Work-life balance: making it work for everyone

Recent surveys conducted by SEEK consistently reveal that work-life balance is one of the most important factors for a candidate looking for a new job. Both active and passive candidates have previously cited it as one of the top three drivers of attraction to an organisation. In fact, it can be the deciding factor when benefits, such as salary, are comparable across offers and roles.

If you're looking to understand if your work-life policies are helping or hindering your attraction process, start by understanding attitudes in your workplace towards flexibility. What do you currently have in place and how is it being demonstrated? What are your current employees and candidates looking for?


Questions to ask



  • What does work-life balance mean to your organisation? Do you have a culture where flexibility and balance are encouraged and accepted, or is it seen as an administrative burden?




  • Do you have practices that provide for all? Or is there an assumption that it is only employees and candidates with children who are looking for balance and flexibility?




  • Do you have leaders and senior people in your organisation who are demonstrating flexibility and balance?


Employees often have complicated lives that change over time. Therefore, work-life balance can mean different things to different age groups and cultures. Younger employees may have caring responsibilities or be looking for flexibility to study or volunteer. Work-life balance doesn’t have to be a one size fits all policy. It’s about finding the balance that works, implementing it and regularly reviewing it to maintain its effectiveness. Make sure you aren’t making any assumptions about what will work for people and talk to your current employees to understand what they’re looking for from your organisation.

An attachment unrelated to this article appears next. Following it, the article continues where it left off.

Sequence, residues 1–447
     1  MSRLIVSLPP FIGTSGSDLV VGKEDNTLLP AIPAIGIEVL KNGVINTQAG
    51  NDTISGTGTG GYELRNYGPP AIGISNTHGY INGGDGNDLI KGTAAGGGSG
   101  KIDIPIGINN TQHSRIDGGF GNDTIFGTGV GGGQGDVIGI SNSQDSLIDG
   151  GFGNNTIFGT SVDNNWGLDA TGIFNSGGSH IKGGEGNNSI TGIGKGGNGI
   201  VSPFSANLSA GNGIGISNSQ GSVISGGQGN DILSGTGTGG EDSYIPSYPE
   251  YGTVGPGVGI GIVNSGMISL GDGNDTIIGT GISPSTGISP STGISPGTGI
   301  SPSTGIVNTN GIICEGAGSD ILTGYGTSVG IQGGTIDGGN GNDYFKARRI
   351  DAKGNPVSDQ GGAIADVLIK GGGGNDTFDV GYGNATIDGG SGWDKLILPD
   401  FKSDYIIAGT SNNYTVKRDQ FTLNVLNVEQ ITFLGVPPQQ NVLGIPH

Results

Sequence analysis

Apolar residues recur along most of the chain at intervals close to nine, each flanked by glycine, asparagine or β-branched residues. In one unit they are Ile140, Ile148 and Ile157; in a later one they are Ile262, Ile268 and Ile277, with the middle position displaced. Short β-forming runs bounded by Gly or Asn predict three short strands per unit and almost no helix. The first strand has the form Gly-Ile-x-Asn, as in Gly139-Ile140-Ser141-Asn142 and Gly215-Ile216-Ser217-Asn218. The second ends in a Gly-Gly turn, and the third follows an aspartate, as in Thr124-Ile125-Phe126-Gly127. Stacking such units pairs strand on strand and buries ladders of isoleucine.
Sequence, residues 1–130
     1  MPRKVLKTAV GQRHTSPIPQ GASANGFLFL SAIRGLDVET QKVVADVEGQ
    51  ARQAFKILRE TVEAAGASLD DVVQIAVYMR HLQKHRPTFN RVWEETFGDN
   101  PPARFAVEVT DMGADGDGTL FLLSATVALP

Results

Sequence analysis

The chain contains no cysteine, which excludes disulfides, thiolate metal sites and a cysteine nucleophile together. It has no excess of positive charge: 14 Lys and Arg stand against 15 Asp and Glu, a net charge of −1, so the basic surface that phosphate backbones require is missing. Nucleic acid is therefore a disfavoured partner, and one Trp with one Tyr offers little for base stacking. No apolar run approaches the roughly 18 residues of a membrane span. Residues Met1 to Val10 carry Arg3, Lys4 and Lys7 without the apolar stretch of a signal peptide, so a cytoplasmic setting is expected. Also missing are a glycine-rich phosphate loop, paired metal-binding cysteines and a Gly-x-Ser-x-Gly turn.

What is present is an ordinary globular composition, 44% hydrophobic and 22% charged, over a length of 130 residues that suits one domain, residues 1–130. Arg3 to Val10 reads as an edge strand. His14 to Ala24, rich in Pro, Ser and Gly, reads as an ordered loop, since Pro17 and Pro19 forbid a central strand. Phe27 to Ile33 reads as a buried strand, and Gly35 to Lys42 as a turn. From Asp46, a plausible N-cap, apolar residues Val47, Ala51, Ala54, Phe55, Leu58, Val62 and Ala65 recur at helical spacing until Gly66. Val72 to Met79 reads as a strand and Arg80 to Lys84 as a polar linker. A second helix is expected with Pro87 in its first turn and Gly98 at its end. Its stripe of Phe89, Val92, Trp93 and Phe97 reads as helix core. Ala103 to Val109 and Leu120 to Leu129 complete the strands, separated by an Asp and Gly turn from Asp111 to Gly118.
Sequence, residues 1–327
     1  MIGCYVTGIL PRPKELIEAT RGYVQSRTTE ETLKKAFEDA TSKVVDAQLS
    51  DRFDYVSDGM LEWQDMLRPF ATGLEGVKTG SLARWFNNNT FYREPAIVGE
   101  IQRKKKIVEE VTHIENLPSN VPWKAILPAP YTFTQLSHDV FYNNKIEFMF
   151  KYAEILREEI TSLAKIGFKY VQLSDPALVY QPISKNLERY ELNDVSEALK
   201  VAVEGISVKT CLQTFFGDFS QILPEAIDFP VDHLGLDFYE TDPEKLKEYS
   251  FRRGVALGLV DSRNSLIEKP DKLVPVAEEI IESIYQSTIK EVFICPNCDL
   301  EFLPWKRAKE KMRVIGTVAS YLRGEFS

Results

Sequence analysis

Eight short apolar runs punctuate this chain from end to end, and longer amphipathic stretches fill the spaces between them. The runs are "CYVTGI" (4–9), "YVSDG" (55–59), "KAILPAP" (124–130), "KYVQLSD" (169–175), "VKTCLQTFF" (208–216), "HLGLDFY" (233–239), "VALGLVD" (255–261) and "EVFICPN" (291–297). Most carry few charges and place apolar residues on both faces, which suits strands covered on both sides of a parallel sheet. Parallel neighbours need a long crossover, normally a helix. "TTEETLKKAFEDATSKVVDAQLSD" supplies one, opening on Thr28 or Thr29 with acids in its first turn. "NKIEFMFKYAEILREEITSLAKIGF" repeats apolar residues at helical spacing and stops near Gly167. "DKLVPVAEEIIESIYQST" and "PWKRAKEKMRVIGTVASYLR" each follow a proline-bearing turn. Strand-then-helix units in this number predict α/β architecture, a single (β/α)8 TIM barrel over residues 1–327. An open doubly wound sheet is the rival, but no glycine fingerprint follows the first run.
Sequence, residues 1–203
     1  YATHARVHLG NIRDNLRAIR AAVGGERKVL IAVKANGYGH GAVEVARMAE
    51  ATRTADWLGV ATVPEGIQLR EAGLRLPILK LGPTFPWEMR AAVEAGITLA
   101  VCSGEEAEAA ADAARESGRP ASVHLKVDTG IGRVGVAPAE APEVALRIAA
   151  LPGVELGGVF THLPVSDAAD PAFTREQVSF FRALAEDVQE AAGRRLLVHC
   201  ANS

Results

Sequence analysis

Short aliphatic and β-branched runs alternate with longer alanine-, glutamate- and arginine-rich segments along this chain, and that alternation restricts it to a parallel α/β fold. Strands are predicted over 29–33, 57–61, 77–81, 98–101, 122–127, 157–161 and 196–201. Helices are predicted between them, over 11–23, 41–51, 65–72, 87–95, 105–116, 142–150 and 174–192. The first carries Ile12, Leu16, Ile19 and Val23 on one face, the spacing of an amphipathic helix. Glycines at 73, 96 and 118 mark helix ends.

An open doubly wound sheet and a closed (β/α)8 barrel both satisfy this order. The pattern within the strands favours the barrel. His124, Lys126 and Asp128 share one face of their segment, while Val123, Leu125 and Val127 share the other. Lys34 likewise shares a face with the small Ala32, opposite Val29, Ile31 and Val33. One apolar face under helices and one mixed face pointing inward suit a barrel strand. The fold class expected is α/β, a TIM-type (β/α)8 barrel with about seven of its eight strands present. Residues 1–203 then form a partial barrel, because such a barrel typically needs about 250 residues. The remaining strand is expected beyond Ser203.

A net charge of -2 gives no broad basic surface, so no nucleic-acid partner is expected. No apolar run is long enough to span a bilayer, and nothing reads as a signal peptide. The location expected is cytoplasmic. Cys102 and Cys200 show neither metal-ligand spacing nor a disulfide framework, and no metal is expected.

Using your flexibility and work-life policies through the advertising and attraction process will help set you apart from your competitors. Make sure your hiring managers have real-life examples of flexibility in action to help them through the interview and attraction process. Bringing the policy to life, and backing it up with examples of how it impacts everyone, turns it from lip service into an evidence-based insight on what it's like to work in your company.

Finally, don’t forget to communicate with those staff members who work conventionally. They need to be kept in the loop and encouraged to understand that working flexibly doesn’t mean working fewer hours.

The above video details firsthand what employees think about work-life balance.


  • About the author
  • Social networks
  • Other posts

About the author

Rebecca Supierz


HR Manager – AU and NZ

Rebecca Supierz leads the HR function at SEEK for three of our business units: employment and learning; product, development and strategy; and finance. Before joining SEEK in 2013, Rebecca spent nine years working at Telstra, leading teams across...

Social networks

Connect with Rebecca Supierz

Other posts